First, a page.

A Bottle of Mature Brunello
It is a sad fact that I have not drunk much Brunello di Montalcino lately, let alone ever. Lou corrected this aberration by bringing over an interesting bottle on Labor Day. The Brunello DOCG was granted in 1980, making his bottle of 1981 Il Casello, Brunello di Montalcino an early example produced under the new rules. The DOCG rules required a major change in winemaking. Previously, in poor vintages, producers could add up to 10% grapes, must, or wine from outside Brunell to bring up the alcohol level. The DOCG change allowed the correction to only be done with an old vintage of Brunello up to 15%.
Whether any old vintage is a part of this bottle is unknown. It was a moderate vintage. The Wassermans described it as “good, though a trifle light” with a rating of “*-” out of four stars. Not exactly a glowing vintage review being in the second worst grouping. The wine itself was described more favorably with “Lovely nose, tobacco component; loads of nice fruit, moderate tannins, medium to full body, fairly well balanced. **(+)”.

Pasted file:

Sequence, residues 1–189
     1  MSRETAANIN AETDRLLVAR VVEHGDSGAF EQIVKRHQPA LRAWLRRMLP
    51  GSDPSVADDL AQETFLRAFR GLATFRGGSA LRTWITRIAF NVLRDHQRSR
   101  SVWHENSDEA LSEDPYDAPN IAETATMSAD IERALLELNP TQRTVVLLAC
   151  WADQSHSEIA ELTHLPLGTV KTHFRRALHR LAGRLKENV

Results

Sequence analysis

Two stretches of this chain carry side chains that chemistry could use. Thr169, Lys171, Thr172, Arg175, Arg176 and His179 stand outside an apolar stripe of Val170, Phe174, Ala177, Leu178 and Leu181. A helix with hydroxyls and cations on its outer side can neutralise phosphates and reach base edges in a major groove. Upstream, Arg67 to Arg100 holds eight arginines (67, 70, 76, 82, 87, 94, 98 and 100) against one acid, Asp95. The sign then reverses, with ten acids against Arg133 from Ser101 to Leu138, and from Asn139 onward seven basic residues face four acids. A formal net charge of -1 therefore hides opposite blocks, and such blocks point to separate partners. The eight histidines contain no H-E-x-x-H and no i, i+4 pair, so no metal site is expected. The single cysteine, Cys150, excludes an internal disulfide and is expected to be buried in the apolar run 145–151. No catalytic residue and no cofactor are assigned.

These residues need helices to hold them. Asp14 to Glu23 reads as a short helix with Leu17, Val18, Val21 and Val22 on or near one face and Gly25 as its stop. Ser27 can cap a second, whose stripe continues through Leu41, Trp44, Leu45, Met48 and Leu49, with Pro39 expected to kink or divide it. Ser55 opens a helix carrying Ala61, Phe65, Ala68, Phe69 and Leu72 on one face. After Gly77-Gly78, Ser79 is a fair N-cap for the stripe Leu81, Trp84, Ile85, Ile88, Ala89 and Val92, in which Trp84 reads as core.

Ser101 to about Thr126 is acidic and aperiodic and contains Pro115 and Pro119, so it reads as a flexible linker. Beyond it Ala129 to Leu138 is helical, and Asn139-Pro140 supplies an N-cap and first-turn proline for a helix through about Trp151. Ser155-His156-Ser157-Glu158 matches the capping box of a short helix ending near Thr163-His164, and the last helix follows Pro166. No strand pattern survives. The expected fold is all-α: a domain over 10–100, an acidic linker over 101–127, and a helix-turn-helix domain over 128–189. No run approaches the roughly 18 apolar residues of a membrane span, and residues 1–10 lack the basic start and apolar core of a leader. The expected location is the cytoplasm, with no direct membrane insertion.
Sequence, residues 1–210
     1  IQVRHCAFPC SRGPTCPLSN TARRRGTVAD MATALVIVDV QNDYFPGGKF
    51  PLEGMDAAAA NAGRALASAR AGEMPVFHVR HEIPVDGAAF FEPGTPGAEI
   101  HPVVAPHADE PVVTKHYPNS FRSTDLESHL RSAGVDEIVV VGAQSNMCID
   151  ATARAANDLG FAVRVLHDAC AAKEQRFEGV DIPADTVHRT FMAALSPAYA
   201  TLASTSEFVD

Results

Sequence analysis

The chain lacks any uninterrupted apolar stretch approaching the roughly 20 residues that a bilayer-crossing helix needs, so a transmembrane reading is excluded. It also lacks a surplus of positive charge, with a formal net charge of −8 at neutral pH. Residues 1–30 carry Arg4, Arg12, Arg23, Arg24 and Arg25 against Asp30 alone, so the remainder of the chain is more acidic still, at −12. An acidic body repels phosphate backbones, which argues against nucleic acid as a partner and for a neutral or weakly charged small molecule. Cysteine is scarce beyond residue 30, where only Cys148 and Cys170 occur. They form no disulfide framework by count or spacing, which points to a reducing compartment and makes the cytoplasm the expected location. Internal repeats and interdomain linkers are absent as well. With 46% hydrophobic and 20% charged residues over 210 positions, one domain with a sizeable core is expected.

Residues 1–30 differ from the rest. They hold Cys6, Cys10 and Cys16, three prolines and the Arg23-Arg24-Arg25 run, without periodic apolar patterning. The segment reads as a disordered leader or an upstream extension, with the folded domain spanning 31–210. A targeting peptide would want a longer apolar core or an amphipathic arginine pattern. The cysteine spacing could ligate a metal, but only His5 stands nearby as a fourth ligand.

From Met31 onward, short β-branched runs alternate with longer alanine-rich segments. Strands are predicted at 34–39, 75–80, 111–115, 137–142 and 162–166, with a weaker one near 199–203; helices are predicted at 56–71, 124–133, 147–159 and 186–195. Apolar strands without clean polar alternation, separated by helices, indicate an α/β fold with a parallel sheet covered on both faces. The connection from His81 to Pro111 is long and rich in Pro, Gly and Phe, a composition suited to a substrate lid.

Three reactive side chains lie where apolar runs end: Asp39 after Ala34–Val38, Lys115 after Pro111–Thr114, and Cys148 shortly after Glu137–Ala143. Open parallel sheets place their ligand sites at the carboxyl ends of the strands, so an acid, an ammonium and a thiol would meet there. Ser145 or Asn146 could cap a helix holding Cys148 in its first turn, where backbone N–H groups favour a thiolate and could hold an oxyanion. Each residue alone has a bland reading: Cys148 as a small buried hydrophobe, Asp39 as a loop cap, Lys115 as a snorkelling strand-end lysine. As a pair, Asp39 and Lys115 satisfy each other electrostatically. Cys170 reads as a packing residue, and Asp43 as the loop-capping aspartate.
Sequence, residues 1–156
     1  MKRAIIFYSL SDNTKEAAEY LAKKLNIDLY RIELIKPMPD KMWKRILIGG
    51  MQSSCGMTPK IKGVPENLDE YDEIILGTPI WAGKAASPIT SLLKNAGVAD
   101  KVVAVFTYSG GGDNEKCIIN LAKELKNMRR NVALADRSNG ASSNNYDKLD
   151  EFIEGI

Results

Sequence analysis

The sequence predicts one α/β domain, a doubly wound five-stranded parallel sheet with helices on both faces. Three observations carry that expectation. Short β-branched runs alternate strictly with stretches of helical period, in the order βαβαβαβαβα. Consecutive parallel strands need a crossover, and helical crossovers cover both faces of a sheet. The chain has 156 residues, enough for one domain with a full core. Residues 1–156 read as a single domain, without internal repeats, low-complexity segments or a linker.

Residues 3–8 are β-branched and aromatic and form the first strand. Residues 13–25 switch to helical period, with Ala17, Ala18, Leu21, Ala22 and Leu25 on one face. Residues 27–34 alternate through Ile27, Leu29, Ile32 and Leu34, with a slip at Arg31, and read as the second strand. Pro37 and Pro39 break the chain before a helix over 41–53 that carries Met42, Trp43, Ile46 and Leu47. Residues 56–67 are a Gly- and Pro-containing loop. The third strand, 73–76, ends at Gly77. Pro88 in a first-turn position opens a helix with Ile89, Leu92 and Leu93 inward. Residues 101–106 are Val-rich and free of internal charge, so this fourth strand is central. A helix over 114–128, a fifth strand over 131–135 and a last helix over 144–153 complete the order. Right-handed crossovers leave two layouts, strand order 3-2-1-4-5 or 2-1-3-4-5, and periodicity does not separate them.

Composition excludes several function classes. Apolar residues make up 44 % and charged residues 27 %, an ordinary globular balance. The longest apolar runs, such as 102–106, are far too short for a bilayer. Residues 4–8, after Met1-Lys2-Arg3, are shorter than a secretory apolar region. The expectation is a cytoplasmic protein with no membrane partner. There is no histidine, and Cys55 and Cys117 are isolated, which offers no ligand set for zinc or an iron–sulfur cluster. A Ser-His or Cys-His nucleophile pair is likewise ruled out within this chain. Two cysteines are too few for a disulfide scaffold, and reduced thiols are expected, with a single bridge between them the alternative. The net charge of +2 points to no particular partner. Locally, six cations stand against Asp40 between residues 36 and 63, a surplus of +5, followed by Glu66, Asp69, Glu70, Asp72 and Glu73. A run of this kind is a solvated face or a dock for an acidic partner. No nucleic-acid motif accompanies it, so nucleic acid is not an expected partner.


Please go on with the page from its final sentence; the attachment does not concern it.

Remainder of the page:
The fruit persists even today as do the tannins. In fact, the wine showed best after several hours of air when the fruit sweetened up. It is a very pleasant wine no doubt because it was made by the owners of Tenuta Il Poggione, the Franchesci family. The Franchesci family have a long history making Brunello as they purchased the Il Poggione estate in 1900. There was only one wine produced at Il Casello, this Brunello, and it was made by the Il Poggione winemaker. It is not a complex wine by any stretch, rather one of former strength tempered by old wood flavors. It is beginning to lose balance in the aftertaste so I would drink it up.
1981 Il Casello, Brunello di Montalcino
Imported by Corinthian Wine Merchants. Alcohol 13.5%. The almost tawny color does not prepare you for the rounded core of fruit. The fruit sweetens up with air, mixing with old wood notes, and fine tannins throughout. There are more mature notes of wood and hints of tobacco. The level of fruit sweetness is most apparent in the finish before there is a little sharpness in the aftertaste. **(*) Now.